The steps I took to restore my happiness are similar to those used to restore one’s faith.  Step 1, surrender and acknowledge helplessness.  I had to face the fact that I had a serious problem and I needed help, professional help.  So I succumbed to therapy and medication.  Step 2, spend time with God.  I realized I was trying to control this situation myself instead of having faith in God.  I knew that God is always on my side and will see me through this trial.  I began praying regularly and reading the bible for encouragement.  Step 3, receive encouragement from family and friends.  Having support from my family and friends was so important. I reported to them regularly on my progress and was inspired to do more because of their love.  Step 4, have patient endurance.  It was a long road to recovery.  There were times of sadness and days of disappointment.  But, I took small steps towards accomplishments.  This allowed me to actively push forward.  Each week I increased the daily activities I was doing to regain a “normal” life pattern.  Step 5, forgive myself.  I had to let go of all the baggage from the past.  I cannot change the past so why dwell on it?  I focused on the present moment and looked forward to the next step of healing.  Step 6, look for hope.  I realized God has a purpose for my life.  I need to use my talents to help others.  Engaging actively in life restores hope for the future.  That is reason I started this blog, to be active in life again.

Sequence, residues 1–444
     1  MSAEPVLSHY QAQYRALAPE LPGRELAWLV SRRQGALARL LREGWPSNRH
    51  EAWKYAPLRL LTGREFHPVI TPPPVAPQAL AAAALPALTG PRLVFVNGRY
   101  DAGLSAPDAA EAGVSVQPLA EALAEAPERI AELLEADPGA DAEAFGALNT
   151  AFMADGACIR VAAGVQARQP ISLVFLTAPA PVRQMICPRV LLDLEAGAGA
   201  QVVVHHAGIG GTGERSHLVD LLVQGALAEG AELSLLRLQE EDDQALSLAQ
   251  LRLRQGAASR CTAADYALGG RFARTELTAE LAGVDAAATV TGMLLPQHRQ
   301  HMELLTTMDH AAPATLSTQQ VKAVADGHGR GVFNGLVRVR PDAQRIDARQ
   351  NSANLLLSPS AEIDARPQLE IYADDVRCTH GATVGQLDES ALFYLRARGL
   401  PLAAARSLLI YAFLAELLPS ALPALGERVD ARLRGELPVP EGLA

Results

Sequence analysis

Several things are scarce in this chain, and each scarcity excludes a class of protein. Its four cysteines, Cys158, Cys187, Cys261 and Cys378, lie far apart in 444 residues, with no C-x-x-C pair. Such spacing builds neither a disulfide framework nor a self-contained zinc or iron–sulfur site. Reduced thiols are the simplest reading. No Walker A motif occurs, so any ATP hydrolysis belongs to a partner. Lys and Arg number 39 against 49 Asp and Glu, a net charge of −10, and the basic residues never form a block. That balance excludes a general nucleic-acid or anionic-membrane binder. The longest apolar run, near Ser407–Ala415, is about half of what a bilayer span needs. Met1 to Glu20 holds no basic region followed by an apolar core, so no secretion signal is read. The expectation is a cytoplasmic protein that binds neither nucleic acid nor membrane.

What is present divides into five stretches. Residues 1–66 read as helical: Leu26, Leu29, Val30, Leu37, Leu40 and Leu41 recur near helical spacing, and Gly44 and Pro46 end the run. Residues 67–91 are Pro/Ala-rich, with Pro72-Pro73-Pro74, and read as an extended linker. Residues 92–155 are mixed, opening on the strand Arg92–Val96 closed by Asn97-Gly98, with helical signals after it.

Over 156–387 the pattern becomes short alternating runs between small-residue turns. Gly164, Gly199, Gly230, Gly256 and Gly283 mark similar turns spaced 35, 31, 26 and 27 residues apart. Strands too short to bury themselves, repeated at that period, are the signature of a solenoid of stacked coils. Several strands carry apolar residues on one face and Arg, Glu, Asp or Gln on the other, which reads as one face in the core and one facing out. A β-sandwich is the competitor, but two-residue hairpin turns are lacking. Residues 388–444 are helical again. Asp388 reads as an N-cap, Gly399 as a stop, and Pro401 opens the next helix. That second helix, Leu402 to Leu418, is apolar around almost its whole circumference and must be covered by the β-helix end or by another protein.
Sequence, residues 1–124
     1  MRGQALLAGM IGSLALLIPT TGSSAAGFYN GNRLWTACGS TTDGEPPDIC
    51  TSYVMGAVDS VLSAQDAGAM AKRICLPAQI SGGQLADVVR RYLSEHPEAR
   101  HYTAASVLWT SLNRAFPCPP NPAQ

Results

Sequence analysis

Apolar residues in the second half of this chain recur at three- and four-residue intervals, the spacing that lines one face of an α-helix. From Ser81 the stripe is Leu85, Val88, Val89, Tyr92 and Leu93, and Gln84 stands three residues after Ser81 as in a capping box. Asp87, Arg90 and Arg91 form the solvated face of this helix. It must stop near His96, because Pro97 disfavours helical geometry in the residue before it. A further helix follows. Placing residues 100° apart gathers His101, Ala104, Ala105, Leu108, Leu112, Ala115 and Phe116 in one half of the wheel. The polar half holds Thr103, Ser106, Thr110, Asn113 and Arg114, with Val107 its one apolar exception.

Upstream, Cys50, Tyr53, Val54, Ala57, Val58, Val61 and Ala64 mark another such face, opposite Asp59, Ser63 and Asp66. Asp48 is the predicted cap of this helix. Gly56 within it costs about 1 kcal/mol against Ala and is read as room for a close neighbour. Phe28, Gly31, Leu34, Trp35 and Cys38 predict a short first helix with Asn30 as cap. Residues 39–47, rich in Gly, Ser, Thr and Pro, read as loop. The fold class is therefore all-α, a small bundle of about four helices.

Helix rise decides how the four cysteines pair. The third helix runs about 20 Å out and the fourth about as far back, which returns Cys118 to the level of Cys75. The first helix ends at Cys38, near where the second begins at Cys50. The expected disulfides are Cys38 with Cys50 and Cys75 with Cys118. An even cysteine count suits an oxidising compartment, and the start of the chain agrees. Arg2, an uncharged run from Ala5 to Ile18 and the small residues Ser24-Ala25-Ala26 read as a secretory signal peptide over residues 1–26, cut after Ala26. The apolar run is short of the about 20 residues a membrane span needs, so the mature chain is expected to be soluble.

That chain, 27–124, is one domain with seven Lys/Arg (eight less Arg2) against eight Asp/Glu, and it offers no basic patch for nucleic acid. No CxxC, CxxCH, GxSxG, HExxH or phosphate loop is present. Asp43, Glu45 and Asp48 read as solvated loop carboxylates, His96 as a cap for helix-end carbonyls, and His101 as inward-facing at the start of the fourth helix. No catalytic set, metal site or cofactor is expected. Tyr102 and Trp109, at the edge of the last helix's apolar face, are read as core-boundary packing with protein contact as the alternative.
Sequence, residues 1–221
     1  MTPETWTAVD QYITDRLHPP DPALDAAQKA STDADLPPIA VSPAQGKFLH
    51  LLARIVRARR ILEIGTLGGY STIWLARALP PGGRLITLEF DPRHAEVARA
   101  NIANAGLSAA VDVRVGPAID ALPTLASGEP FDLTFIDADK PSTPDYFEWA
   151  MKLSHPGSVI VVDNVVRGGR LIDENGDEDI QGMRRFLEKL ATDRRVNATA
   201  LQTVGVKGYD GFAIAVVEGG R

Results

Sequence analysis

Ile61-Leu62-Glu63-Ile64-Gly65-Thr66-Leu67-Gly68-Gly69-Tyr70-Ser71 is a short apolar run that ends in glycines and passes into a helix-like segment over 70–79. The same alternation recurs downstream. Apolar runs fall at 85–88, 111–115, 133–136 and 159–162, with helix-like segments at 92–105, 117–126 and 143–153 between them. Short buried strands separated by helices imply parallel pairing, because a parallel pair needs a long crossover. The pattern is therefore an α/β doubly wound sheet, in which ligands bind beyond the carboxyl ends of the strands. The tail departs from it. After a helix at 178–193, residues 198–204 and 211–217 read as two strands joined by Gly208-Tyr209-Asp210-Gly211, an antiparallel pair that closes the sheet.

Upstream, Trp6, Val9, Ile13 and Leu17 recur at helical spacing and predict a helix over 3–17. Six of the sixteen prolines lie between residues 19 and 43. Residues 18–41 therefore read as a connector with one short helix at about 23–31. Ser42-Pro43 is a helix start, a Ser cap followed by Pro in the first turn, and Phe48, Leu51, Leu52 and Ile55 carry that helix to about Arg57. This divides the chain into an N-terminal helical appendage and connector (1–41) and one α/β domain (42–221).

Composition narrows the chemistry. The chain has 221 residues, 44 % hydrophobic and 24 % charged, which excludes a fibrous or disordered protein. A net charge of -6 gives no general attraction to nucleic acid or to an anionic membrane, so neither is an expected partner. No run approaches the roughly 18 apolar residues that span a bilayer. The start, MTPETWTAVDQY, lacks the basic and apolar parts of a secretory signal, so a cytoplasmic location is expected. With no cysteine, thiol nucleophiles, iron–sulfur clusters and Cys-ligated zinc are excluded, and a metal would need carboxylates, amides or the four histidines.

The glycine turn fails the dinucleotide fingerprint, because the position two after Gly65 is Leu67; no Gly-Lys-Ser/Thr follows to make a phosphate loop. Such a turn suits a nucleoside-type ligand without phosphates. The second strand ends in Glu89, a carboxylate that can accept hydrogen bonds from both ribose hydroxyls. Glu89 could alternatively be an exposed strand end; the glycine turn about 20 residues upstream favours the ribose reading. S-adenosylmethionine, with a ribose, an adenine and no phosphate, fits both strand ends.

Happiness is not just a moment of gladness.  It is a feeling of belonging, having a sense of purpose, and being content with one’s situation.  Why stay in despair when one can choose to be active and happy?